Senators Introduce Texting Spam Bill

Two U.S. senators have introduced a bill aimed at attacking a growing problem: unsolicited commercial text messages or mobile spam.

The m-Spam Act, introduced Thursday by Senators Olympia Snowe and Bill Nelson, would strengthen the powers of the U.S. Federal Communications Commission and Federal Trade Commission to fight mobile spam and would prohibit commercial organizations from sending text messages to mobile phone owners with numbers listed on a national do-not-call registry.

"Mobile spam invades both a consumer's cell phone and monthly bill," Snowe, a Maine Republican, said in a statement. "There is also increasing concern that mobile spam will become more than just an annoyance -- the viruses and malicious spyware that are often attached to traditional spam will most likely be more prevalent on wireless devices through m-spam."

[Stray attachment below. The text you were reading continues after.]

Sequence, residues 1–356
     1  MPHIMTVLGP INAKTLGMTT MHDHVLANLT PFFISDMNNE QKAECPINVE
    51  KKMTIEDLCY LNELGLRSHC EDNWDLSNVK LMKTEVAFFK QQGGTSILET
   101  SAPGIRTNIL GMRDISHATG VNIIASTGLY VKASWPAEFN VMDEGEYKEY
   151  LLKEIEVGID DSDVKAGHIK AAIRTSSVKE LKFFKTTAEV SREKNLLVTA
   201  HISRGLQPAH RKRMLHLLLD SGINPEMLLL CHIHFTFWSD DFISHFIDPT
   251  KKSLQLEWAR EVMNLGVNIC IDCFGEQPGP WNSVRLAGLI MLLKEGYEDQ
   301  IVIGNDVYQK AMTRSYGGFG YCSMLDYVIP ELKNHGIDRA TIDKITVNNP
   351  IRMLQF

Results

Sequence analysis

Mobile users in the U.S received about 1.1 million spam text messages in 2007, up 38 percent from 2006, Snowe said in a news release. In some cases, mobile subscribers pay up to $0.20 for each text message received and sent. Some providers allow users to block text messages.

"Spam e-mail is bad enough," Nelson, a Florida Democrat, said in a statement. "Now, we are seeing a proliferation of unwanted text messages -- and consumers are getting stuck paying."

To comment on this article and other PCWorld content, visit our Facebook page or our Twitter feed.
Related:
Shop Tech Products at Amazon